Men urged to call out other, abusive men at Khayelitsha march

2018-08-27 18:36
People have marched in Khayelitsha to get men to help stop violence against women. (Jenni Evans, News24 via Twitter)

People have marched in Khayelitsha to get men to help stop violence against women. (Jenni Evans, News24 via Twitter)

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Men must not let other men get away with being abusive, and should call each other out on it instead, said one of the men participating in a planned march in Khayelitsha, Cape on Monday.

"We seem to think that it [an abuser] is just a monster from this alternate universe, but it is men that we know," said Ndumiso Madubela, who is part of the Desmond Tutu Foundation's The Men's Dialogue.

"These dialogues bring men together for honest discussions on how to avoid violence against women and children, and to create a widening network of men who will stand up for them when they are confronted.

"Violence is very rife now, and it will get out of hand," said Madubela.

READ Suffer little children: The missing, the lost and the dead

Madubela was part of a group of around 60 people who marched under the banner, "Men united against violence against women and children" from the Andrew Losaba Methodist Church in Sizani Street.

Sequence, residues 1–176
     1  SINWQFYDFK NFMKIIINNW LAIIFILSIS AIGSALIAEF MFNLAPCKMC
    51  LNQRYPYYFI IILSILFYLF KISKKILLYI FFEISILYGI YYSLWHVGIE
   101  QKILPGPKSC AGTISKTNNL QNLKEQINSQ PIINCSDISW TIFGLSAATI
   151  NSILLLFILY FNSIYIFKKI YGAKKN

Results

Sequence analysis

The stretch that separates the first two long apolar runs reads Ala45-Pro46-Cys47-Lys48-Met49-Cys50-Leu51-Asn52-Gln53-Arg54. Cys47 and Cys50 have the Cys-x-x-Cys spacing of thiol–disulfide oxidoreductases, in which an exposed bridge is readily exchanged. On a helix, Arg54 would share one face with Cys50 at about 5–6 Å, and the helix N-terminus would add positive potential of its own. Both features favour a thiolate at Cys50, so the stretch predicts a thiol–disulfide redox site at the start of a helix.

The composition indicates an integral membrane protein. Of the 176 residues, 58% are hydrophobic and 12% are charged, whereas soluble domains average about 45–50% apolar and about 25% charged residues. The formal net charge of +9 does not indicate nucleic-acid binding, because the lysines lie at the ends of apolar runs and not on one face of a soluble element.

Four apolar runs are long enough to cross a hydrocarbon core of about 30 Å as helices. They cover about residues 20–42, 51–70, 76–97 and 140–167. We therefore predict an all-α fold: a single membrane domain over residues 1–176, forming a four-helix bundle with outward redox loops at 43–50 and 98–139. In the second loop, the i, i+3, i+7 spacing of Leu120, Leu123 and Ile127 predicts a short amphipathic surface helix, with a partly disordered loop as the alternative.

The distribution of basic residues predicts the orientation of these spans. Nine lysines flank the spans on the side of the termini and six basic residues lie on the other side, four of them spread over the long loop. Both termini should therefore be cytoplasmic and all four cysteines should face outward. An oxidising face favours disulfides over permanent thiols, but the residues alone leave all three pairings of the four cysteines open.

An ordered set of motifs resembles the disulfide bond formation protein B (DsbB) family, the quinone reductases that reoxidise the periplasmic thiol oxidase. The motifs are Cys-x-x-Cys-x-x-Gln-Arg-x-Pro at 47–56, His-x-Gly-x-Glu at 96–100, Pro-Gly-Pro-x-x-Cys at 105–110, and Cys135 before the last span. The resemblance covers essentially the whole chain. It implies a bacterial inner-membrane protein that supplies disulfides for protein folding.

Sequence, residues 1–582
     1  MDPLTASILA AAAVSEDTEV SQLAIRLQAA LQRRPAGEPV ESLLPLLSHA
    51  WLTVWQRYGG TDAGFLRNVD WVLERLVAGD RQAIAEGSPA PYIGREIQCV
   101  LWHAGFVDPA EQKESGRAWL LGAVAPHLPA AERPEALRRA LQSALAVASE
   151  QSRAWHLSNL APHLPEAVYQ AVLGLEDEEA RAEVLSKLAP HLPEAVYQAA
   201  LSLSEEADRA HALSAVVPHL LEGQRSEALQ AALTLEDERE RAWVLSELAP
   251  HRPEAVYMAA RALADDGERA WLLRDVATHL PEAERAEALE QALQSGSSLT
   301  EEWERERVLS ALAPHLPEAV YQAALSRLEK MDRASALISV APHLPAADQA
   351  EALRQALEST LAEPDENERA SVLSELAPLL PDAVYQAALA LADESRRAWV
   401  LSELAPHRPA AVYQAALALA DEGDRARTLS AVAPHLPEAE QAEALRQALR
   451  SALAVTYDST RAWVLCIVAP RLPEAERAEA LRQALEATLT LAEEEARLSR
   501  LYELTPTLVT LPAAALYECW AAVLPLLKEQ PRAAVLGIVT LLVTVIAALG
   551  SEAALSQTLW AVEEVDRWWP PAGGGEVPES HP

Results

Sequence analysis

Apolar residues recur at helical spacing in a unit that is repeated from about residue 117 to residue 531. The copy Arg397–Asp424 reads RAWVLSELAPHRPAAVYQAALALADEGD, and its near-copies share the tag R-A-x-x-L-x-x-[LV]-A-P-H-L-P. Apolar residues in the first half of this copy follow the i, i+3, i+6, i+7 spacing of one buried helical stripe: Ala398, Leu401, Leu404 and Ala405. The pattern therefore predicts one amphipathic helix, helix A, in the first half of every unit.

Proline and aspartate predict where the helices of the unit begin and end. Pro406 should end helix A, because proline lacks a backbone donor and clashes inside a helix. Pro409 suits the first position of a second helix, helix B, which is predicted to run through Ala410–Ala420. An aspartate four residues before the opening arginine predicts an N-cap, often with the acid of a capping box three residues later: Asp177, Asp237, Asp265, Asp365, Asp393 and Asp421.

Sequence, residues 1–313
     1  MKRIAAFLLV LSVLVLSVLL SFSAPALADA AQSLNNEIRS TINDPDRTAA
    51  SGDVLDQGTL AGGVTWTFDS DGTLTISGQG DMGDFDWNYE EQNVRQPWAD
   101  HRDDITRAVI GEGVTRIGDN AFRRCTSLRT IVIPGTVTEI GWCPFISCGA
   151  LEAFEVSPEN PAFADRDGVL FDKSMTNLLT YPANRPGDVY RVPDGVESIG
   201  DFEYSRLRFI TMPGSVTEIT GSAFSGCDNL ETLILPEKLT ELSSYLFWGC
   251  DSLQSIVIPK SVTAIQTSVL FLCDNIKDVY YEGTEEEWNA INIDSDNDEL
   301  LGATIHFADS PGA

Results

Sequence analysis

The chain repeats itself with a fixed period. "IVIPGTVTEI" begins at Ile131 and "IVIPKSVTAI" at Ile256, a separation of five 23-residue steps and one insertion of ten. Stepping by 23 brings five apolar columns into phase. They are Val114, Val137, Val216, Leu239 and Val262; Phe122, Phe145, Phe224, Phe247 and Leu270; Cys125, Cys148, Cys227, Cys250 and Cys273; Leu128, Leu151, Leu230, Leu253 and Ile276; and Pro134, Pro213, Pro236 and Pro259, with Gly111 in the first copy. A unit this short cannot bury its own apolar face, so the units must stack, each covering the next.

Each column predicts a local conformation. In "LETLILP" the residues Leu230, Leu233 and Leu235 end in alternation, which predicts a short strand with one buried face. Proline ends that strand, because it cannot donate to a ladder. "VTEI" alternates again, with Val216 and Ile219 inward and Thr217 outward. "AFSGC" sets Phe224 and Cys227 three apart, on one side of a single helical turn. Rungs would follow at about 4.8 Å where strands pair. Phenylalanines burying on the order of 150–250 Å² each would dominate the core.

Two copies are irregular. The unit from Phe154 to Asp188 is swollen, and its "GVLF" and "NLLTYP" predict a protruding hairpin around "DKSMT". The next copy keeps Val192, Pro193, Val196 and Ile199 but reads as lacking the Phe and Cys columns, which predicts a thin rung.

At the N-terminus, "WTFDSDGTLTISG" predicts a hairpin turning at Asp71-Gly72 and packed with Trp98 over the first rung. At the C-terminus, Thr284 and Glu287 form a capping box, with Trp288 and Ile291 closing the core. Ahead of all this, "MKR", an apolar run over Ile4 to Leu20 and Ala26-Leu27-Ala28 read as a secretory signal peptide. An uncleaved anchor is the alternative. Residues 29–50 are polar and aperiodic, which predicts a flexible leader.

They carried banners that read "Real Men Don't Rape" and "Youth United Against Violence Against Women and Children".

Thando Hermanus said during the march: "As men we are saying no to gender-based violence.

"Whether it is child molesters or sexual abuse - we are taking a stand in Khayelitsha. Report it," urged the activist.

READ: Two life sentences for murder, attempted rape of Rene Roman

Western Cape Health MEC Nomafrench Mbombo said the abusers were often people who were known to the victims, but people did not say anything.

"These are the men we share babies with. These are the men we share children with. Why are you so quiet?" she asked.

"Go for a walk when you are angry," she suggested.

Community Safety MEC Dan Plato said the recent hefty prison sentences meted out by the courts for attacks on children should serve as a deterrent to men and that that they should not even "unzip their zips".

"If men don't want to listen, the court will deal with them nowadays," he said.

On August 20, 52-year Andrew Plaatjies was handed two life sentences for the murder of Rene Roman and for attempting to rape her.

In that judgment, Western Cape High Court Judge Robert Henney made it clear that the life sentence would apply even if a man did not go through with the rape, and that attempted rape was enough to put a man away for life.

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Read more on:    cape town  |  gender rights  |  crime

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